Proposed membership for India. The United States, France, and Germany have recently indicated their intention to support Indian membership in the NSG. This step is clearly designed to give further recognition to India’s nuclear status, but it is questionable whether New Delhi’s membership in the NSG would strengthen the international nonproliferation regime. For one thing, India already adheres to the NSG guidelines as a nonmember; admitting India as a member therefore would not strengthen international export controls. Although adding another leading member of the NAM to the NSG would enhance the legitimacy of the suppliers group, it would complicate the NSG’s decision-making on issues such as strengthening NSG guidelines. Among other things, India’s accession to the NSG would make agreement impossible on the clean text because that document proposes to bar transfers of enrichment and reprocessing technology to non-NPT parties. It will be important for the NSG members to retain the ban on enrichment and reprocessing technologies to non-NPT states before they agree to admit India to the group.

Nonmember suppliers. Many states outside the NSG have the capability to provide significant assistance to nuclear weapons programs but do not have the legal or regulatory regimes, the resources, or, in some cases, the will to implement effective nuclear export controls. The NSG should find ways to persuade nonmembers either to join the NSG or abide by its guidelines, as India and Israel have done. Some NSG nonmembers may find the Zangger Committee more palatable than the NSG; NPT parties, particularly developing countries, may find this group less exclusivist than the NSG. The NSG also should make a more active and coordinated effort to assist nonmembers to meet the obligations under UN Security Council Resolution 1540. The NSG has had outreach programs to urge nonmembers to put in place effective legislation and regulations for their nuclear and dual-use exports. Individual NSG states have offered assistance to nonmembers in establishing and implementing such controls. However, these efforts do not appear to be well coordinated. The NSG should play a more active role in the efforts of the committee that has been charged by the UN Security Council with helping countries meet their export control obligations under Resolution 1540.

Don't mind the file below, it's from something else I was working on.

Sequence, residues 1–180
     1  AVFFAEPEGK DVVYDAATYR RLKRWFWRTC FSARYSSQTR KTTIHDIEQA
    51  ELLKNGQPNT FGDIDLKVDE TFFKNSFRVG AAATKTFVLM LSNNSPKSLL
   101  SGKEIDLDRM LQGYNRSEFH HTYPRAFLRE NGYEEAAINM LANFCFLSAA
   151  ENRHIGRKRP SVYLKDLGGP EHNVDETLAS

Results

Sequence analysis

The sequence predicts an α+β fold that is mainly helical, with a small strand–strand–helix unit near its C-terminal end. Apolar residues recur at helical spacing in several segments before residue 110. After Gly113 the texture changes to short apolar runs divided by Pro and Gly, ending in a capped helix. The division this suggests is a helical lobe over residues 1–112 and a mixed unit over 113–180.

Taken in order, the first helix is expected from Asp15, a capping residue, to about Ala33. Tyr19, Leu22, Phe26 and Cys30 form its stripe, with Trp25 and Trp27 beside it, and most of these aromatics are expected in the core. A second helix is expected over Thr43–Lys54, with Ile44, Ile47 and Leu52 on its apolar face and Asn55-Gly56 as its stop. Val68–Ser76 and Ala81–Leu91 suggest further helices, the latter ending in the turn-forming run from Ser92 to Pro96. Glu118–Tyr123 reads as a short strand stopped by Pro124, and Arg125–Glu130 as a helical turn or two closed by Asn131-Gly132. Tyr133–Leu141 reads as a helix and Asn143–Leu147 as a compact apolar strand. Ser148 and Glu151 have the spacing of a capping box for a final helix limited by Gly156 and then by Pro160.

Some suppliers outside the NSG also threaten the effectiveness of international controls. Beginning in the 1990s and continuing into the present decade, NSG nonmember Pakistan aided Iran, Libya, and North Korea with enrichment technology and nuclear weapons designs. More recently, North Korea appears to have provided a plutonium-production reactor to Syria, and there have been controversial reports about North Korean assistance to possible nuclear weapons efforts by Myanmar (Burma). Unfortunately, the NSG can do little as a multilateral institution to prevent the irresponsible supply policies of nonmembers such as Pakistan or North Korea from undermining the effectiveness of international nuclear export controls and of the nonproliferation regime. This type of behavior has to be addressed through such means as vigorous diplomacy; sanctions; interdiction measures, such as the Proliferation Security Initiative; or perhaps, in extremis, pre-emptive military actions.